In the story “She-Who-Sits Alone” has to go up the mountain top to let go of her doll. The rain fall, like tears on her face, only comes at the end of her journey. Jesus, of course, often went away from his people to commune openly and honestly with his father.

I have had similar experiences myself. I often go away on my own, either in the countryside or sometimes in the chapel to have those private moments, and I live alone. I do sometimes experience them while walking in a busy bustling street, but it rarely feels appropriate; I am still haunted with the age old saying “boys don’t cry” One of my demons.

This time in the wilderness is meant to be seen as one of purity, that is why one element of Lent is this idea of fasting, of giving something up. It is of course worth noting that virtually every religious tradition throughout human history has a period of fasting. There is value in this cleansing purifying commitment. It’s not just about food though, that is symbolic.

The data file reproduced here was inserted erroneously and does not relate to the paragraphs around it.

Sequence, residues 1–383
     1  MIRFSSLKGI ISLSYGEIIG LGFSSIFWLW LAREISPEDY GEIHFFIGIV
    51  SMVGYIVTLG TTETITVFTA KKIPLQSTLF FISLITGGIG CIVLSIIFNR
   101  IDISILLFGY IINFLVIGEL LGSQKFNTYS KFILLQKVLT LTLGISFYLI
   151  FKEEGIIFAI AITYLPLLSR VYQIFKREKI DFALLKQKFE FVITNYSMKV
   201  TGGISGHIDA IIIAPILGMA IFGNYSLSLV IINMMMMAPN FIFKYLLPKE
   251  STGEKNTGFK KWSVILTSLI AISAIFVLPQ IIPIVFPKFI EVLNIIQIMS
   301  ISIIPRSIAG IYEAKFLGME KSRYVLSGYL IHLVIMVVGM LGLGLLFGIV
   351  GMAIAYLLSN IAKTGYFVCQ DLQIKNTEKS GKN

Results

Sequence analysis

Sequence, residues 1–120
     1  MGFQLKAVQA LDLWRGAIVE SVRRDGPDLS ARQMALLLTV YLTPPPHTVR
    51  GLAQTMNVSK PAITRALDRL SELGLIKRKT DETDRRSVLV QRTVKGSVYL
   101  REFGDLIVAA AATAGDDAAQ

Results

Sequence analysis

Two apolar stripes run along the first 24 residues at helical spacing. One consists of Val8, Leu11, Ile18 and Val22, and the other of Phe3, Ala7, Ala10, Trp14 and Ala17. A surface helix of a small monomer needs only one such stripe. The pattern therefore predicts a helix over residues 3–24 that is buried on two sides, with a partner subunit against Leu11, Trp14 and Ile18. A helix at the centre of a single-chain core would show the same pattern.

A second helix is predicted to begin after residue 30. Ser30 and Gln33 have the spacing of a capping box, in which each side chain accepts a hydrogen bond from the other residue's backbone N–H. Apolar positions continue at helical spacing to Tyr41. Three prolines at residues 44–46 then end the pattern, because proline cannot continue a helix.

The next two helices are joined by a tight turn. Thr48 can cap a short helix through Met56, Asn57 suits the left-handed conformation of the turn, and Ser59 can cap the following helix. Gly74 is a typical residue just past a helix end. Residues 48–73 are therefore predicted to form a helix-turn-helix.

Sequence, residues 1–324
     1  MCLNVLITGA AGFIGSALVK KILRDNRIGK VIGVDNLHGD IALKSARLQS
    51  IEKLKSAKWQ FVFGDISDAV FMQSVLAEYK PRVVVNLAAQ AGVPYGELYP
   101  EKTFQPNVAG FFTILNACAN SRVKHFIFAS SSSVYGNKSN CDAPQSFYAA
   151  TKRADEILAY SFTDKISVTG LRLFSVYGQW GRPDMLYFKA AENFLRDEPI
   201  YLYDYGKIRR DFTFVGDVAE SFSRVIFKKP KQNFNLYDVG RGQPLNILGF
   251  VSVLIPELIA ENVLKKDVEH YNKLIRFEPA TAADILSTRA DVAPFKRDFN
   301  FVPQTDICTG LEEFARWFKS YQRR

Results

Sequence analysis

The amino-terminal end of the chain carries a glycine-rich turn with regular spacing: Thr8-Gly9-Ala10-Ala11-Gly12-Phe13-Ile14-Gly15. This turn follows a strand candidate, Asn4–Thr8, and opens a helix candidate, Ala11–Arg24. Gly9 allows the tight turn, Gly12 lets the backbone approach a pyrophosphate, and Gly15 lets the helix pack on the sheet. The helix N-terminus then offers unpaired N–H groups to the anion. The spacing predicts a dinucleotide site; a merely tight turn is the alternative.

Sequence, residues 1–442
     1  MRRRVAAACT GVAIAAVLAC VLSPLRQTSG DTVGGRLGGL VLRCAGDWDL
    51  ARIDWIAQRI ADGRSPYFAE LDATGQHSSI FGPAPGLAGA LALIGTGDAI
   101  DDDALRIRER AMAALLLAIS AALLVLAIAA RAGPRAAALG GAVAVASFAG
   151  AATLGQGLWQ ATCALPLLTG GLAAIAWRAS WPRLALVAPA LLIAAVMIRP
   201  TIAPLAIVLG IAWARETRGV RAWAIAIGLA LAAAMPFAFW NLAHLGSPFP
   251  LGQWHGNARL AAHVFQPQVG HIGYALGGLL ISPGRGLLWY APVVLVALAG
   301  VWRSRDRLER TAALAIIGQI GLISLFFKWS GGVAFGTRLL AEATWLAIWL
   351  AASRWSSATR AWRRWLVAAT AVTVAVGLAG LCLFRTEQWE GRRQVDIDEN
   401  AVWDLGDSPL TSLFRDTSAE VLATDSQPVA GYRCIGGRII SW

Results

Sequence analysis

This time in the wilderness is not only a time of purity of letting go of things it is also a time of self sacrifice. Lent has a double meaning, it is about purification of the self and self sacrifice, universal religious principles. In the story “She-Who-Sits-Alone” is prepared to give up her doll her most prised possession, given to her by her now dead parents. She calls this doll her second self. She gives up this doll as she wanders into the wilderness and to the top of the mountain and sacrifices it. She falls asleep and when she awakens she finds the feather of a Blue Jay, just like the one that had sat on her dolls head. The rains soon follow, falling on her face, like tears, which save her people. From that day she becomes known as One-Who-Loved-Her –People. It is important to realise that she does not give her life, only her prized possession, this is because she loves her people more than her doll, her other self. Her people are more important to her than herself identity.